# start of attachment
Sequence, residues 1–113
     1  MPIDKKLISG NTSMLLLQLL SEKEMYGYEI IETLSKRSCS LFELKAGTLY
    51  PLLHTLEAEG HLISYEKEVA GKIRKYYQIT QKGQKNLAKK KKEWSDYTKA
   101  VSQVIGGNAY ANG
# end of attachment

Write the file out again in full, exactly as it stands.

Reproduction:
Sequence, residues 1–113
     1  MPIDKKLISG NTSMLLLQLL SEKEMYGYEI IETLSKRSCS LFELKAGTLY
    51  PLLHTLEAEG HLISYEKEVA GKIRKYYQIT QKGQKNLAKK KKEWSDYTKA
   101  VSQVIGGNAY ANG